Linked by Rahul on Tue 28th Apr 2009 14:49 UTC
Fedora Core Fedora 11 Preview Release has been announced with a large number of new features, even more so than previous general releases. This includes Presto (delta RPM updates reducing bandwidth usage over 80% typically), automatic font and mime installer via PackageKit, Nouveau as the default driver for Nvidia cards (3D support is not mature and disabled however), simplified Anaconda text mode installation and minimal installation support, automatic Bug Reporting tool, native access to Microsoft Exchange using OpenChange, Firefox 3.1 and ThunderBird 3.0, Windows Cross Compiler (MinGW and a comprehensive set of cross compiled libraries), Ext4 as the default filesystem, experimental support for the next generation Btrfs filesystem, improved I18N with the switch to IBus input system by default, much improved Kernel Mode Support, many virtualization and security improvements, RPM 4.7, GNOME 2.26, KDE 4.2, Xfce 4.6, Linux Kernel 2.6.29, Python 2.6. GCC 4.4 and several other changes.
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RE[3]: upgrades
by gilboa on Fri 1st May 2009 12:52 UTC in reply to "RE[2]: upgrades"
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From a user's standpoint, it is not so much any particular technical features of debs that set deb-based distros apart. It is the availability of a mind boggling breadth of packages, organized into just a few centralized, well known, and well defined repositories which generally don't conflict with each other. (More packages, better organized than in the yum world.)

A. As long as you keep yourself to well organized repositories, such the Fedora (default) and RPMFusion (biggest 3'rd part repository in the Fedora world), the number of conflicts should be more-or-less the same as Debian.
B. With these two repositories (Fedora, RPMFusion), Fedora has ~17000 packages [1]. While somewhat less than Debian, Fedora's packages tend to be newer.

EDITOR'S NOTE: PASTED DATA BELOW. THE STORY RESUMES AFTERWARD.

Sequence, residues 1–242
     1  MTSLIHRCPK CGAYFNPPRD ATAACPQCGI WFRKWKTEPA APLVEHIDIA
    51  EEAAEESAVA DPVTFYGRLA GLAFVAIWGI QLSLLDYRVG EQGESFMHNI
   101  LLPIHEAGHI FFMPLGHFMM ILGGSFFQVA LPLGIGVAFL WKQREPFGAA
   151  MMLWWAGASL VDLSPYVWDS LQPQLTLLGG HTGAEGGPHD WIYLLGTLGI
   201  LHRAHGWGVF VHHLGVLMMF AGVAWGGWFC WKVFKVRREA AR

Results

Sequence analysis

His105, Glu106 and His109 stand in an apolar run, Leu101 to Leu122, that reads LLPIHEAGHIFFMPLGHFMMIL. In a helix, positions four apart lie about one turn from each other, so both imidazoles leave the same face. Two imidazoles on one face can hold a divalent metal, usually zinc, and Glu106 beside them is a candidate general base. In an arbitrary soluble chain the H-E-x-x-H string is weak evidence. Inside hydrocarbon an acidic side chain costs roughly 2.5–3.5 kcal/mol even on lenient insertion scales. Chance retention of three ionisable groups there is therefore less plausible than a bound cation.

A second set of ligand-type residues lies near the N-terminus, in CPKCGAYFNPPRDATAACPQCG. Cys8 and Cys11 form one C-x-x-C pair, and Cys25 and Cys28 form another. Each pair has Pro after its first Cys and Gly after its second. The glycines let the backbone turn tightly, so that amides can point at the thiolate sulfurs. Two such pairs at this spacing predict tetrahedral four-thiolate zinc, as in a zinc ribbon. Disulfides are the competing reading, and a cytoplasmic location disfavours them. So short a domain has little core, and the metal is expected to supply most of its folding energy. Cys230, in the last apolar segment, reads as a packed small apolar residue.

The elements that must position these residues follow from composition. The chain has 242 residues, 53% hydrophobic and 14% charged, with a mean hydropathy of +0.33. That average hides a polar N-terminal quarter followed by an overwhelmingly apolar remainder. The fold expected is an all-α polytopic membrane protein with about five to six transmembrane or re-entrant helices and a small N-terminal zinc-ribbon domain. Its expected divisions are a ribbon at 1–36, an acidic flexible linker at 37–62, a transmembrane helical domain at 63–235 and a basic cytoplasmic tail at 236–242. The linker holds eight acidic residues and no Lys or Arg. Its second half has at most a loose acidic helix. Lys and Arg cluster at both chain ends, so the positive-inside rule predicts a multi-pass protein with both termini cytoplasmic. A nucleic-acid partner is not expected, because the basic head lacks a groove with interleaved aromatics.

Apt (as distinct from dpkg) is also, in the real world, much faster than yum, both in handling all the metadata, and in doing the actual downloads. I believe it can parallelize downloads from multiple servers.

Sorry, but this claim should taken behind the shed and shot.
In my experience apt is no faster than, say, Fedora 9 or 10. (Even w/o presto)
From a -clean- state, with 4 repositories (Fedora, fedora-updates, RPMFusion, kde-*), it takes me between 1:30 to 2:20 to get a clean copy of -all- the repositories and conduct a full search. [2]. (I ran the test 3 times. Slowest run displayed; Fastest run took ~1:28)
While apt support for multiple downloads is major plus, Fedora (at least here) has better repositories which usually max-out my net connection (both @home and @work), so parallel download doesn't really change anything. On the other hand, Fedora's mirror and repository management is far better than Debian's.
Never the less, could you please post comparable results from a Debian machine?

Also, yum's memory requirements are insane. I have about a 60 user XDMCP server maxed out at 12GB of memory. Performance is find during the day, with 60 Gnome desktops running. No complaints about performance.
But I don't dare run 'yum install some_package' during the day. Because it causes such a swap storm that I know I will immediately get a call from the general manager saying that everyone is locked up. (Edit: I feel like I should add that I'm *really* not making this up.) It's one of the (many) reasons that I'm migrating the machine to a different distro next month.

First, I wouldn't use Fedora for an XDMP server to begin with. Being bleeding edge, Fedora should not be used for a production sever. (Especially given the 13 month support cycle)
Second, people tend to forget that being bleeding edge, Fedora releases a -lot- of updates on a daily basis. At least in part, Yum's memory consumption depends on the number of packages being installed / updated.
Could you please compare apt memory consumption to Yum, when you try and install 100 packages?

rpm and deb may be theoretically equivalent as formats. But in the real world, the differences are readily apparent.

I beg to differ.

- Gilboa

[1] Package count:
$ yum list | wc -l

[2] Listing packages, clean state, cached:
$ yum clean all
$ time yum search no-such-package
real 2m18.901s
user 0m5.215s
sys 0m0.888s
$ time yum search no-such-package
real 0m1.141s
user 0m0.836s
sys 0m0.213s

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